25 Jul WEAK GLUTES? GET YOUR BUNS OF STEEL HERE!
Nip into your nearest gym (see our friends #northsfitness) and you’ll hopefully see a bustling atmosphere of people working out, trying to reach goals and get their bodies stronger. You’ll see all kinds of movements occurring, push, pull, jump, squat, lunge, lift… The list is endless. Maybe your physio has advised you to get to the gym yourself and work on some strength training. —You’ve been getting a bit of lower back pain and they’ve highlighted that your glutes are weak and may be contributors to your pain. It’s hard to fit everything in! You have to sit all day at work, and you just don’t seem to find enough hours in the day after work, kids, cooking, washing and shopping to set aside time to concentrate on you and getting yourself stronger.
So the bad news is, sitting for long periods of the day could be contributing to your back pain. When you sit for long periods, your hip flexors become shortened and tight. This prevents your hips from being able to extend properly (we need this to help propel us forward when we walk, run, jump and climb the stairs) and which muscle is responsible for hip extension? That’s right, your gluteus maximus muscle! Not being able to extend the hip well, means the gluteus maximus muscle becomes a bit lazy. It’s not being used properly, it’s not able to contract all of those muscle fibres through their full range to provide you with a powerful contraction. Therefore, weakness sets in and other areas of the body have to work harder to compensate for this. The lower back is one of the areas that works harder when your glutes slack off— and it lets you know it is working too hard by sending a signal to the brain that all is not well. You feel this as pain.
Now it’s not all doom and gloom, don’t worry. There is good news! Our team here at St Leonards Physiotherapy will be able to provide hands-on treatment, exercise and advice to get those hip flexors released and the hip moving successfully into extension. But you’ll have to back up the work done on in the clinic by performing exercises at home. These exercises might include some hip flexor stretching, hip mobility, and gluteal activation, as well as strengthening exercises. To make it simpler for you, we’ve described two beneficial glute exercises that you can perform at home to ensure your glutes will be firing on all cylinders. Check them out below…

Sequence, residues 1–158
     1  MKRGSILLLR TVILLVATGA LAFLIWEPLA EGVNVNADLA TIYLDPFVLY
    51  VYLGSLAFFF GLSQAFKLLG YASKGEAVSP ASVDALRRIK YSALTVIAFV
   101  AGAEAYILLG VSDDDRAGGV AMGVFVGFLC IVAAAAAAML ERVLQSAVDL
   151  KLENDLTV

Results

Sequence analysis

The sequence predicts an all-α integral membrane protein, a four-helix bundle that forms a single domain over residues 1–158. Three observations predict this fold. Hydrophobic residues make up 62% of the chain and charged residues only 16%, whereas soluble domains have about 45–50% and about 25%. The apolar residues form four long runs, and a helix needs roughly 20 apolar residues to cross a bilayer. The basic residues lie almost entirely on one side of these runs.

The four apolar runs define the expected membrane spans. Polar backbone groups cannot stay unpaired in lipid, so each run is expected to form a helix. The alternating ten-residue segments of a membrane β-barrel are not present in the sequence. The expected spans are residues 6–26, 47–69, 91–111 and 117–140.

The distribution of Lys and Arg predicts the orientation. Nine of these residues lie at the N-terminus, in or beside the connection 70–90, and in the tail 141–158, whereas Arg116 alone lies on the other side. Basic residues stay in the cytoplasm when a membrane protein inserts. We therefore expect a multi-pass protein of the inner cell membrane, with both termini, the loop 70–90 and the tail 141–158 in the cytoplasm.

- Hip thruster
- Sit with your upper back against the edge of a bench (the seat of your couch will work just fine!)
- Reach your arms out to the side along the bench for balance
- Have your knees bent and feet flat to the floor approximately hip width apart
- Squeeze your buttocks as you raise your hips up until your body and thighs form a horizontal line
- Be careful not to over-arch your lower back
- Return to the start position and repeat
- Split squat
- Stand tall and place your back foot behind you on a step or bench
- Your front leg should be slightly out in front of you
- Slowly bend your front knee, dropping your back knee down towards the floor
- Squat with your front leg to an angle of approximately 45-90 degrees
- Pause and then push up through your heel whilst you squeeze your buttocks
- Return to the start position and repeat
Suggestion: Try 3 sets of 10-15 repetitions, 3 times per week for each of the exercises above.
Please remember to speak to your physio before attempting any new exercises and always give yourself rest days to allow for recovery and strengthening to take place. We have the expertise to guide you on which exercise is ideal for each stage of your rehabilitation. Be persistent, work hard, and you’ll be on a path to having fully functioning glutes and awesome buns of steel in no time!
If you want to improve your glutes please don’t hesitate to make an appointment on our Iphone mobile phone app or online at https://www.stleonardsphysio.com.au/book-online.
Re Iphone Mobile App, go to app store on your Iphone, search for ‘cliniq apps’ then use the clinic reference Stleonardsphysio. If you have problems registering on the Iphone mobile phone app please call reception on 9438 1872 to check your login name as there may be some symbols after your surname that need to be entered.
- Brukner, P. et al. 2017. Clinical Sports Medicine. 5th ed. Australia: McGraw-Hill Education
- Jeong, U. et al. 2015. The effects of gluteus muscle strengthening exercise and lumbar stabilization exercise on lumbar muscle strength and balance in chronic low back pain patients. Journal of Physical Therapy Science. 27 (12). 3813-3816. https://www.ncbi.nlm.nih.gov/pmc/articles/PMC4713798/
- All exercise descriptions taken from The Rehab Lab website